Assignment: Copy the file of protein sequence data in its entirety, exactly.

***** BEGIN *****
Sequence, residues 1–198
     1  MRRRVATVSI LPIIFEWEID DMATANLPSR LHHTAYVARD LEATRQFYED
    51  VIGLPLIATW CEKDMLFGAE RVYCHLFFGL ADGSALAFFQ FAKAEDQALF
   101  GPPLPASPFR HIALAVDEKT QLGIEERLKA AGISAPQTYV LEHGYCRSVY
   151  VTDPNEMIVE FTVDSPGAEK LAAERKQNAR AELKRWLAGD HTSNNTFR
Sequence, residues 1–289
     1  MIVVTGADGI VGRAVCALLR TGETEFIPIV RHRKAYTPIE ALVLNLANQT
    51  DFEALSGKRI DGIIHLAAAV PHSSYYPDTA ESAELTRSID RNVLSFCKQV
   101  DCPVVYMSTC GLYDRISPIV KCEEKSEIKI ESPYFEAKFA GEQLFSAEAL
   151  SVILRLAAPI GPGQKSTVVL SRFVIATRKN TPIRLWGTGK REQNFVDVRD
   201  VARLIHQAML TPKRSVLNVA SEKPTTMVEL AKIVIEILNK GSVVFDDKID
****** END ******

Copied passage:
Sequence, residues 1–198
     1  MRRRVATVSI LPIIFEWEID DMATANLPSR LHHTAYVARD LEATRQFYED
    51  VIGLPLIATW CEKDMLFGAE RVYCHLFFGL ADGSALAFFQ FAKAEDQALF
   101  GPPLPASPFR HIALAVDEKT QLGIEERLKA AGISAPQTYV LEHGYCRSVY
   151  VTDPNEMIVE FTVDSPGAEK LAAERKQNAR AELKRWLAGD HTSNNTFR
Sequence, residues 1–289
     1  MIVVTGADGI VGRAVCALLR TGETEFIPIV RHRKAYTPIE ALVLNLANQT
    51  DFEALSGKRI DGIIHLAAAV PHSSYYPDTA ESAELTRSID RNVLSFCKQV
   101  DCPVVYMSTC GLYDRISPIV KCEEKSEIKI ESPYFEAKFA GEQLFSAEAL
   151  SVILRLAAPI GPGQKSTVVL SRFVIATRKN TPIRLWGTGK REQNFVDVRD
   201  VARLIHQAML TPKRSVLNVA SEKPTTMVEL AKIVIEILNK GSVVFDDKID